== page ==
"It also means that dangerous drivers who inflict serious injuries can expect to see higher sentences to better reflect the terrible trauma and injuries they have caused."


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    Hmm. I’m quite disappointed with RoSPA’s, particularly Kevin Clinton’s, statements of late on road safety matters.

    Stuart Geddes, Stirling
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    WE have had to suffer several thousand new offences when the last government was in power.

    Whilst being informed verbally that this government would reduce that list we have them now making the same mistakes their predicessors did.

    Unfathomably stupid piece of legislation which as Roy has stated will be difficult to police and even more difficult to end in being found guilty, let alone getting to court. The CPS just wanting to take 100%rs for conviction stats.!!!!!!!!!!

    Another waste of time.

    Bob Craven, Lancs
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    I agree with Rob Gifford that the term ‘serious injury’ needs to be clearly defined. I wonder if the Government should use the phrase causing grievous bodily harm by dangerous driving’ as this term is already well defined in law. This would also avoid confusion with the ‘serious injury’ as used in casualty statistics.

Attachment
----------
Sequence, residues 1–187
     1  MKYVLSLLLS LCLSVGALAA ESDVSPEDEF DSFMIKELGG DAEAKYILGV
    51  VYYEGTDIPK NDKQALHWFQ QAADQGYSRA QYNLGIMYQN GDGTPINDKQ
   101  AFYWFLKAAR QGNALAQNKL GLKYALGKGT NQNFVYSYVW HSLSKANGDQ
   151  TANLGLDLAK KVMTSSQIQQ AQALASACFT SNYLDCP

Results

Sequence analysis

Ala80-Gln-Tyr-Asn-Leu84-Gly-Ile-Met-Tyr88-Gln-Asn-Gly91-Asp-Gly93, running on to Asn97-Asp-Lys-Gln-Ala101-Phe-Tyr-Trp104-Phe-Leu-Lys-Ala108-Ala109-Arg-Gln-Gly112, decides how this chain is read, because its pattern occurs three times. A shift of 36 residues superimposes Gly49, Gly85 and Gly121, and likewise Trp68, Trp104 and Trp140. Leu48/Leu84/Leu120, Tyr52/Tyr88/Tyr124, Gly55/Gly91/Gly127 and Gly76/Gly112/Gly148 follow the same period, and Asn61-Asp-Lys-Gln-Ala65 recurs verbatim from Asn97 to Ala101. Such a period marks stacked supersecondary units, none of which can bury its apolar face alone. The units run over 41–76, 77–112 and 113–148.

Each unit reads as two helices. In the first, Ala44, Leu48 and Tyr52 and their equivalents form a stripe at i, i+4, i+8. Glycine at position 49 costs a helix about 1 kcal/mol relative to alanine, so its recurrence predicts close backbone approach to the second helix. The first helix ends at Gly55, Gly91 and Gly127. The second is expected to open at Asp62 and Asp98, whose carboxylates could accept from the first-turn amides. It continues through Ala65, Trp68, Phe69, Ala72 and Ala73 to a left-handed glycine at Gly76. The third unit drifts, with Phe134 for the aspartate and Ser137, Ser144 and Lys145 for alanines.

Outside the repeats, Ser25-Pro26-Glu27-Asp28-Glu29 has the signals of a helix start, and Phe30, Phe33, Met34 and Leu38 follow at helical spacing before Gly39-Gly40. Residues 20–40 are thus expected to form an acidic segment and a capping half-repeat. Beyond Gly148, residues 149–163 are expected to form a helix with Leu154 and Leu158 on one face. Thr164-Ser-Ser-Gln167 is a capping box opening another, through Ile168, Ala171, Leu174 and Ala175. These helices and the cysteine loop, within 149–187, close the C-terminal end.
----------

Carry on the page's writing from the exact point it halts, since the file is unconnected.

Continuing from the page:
Estyn Williams, Warwickshire
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    My view is that this is more about revenge than preventing accidents.

    My concern is that I cannot see how it will prevent dangerous driving.

    I don’t see drivers rushing to comply with the Highway Code, for example, by parking with flow …

    Andrew Fraser STIRLING
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    Robert at PACTS has made an excellent point. What will be perceived as “serious”? Who will define such an injury? As Robert has said, this must be thoroughly dealt with or the legislation will be flawed.

    I need hardly remind Phil Gormley of ACPO that without robust enforcement, the new legislation may not make a huge difference. I realise his hands are tied by policy dictated by Whitehall but road safety campaigners have a role to play in ensuring that policy fits the bill (excuse the pun).

    Vince Yearly’s comment (IAM) takes us back to Graham Feest’s argument. I would be very happy to see drivers prosecuted for dangerous driving that did not result in an accident but to get such a case through court would be very costly, vigorously defended – hence the cost – and with a doubtful expectation of success so the CPS will not take the risk with public money. Additionally, who will decide what constitutes dangerous driving? It can be subjective. Without the evidence of an accident, lawyers would argue that we are discussing potential danger not actual or proven danger. Hm, nebulous territory I’m afraid.

    Roy Buchanan, Epsom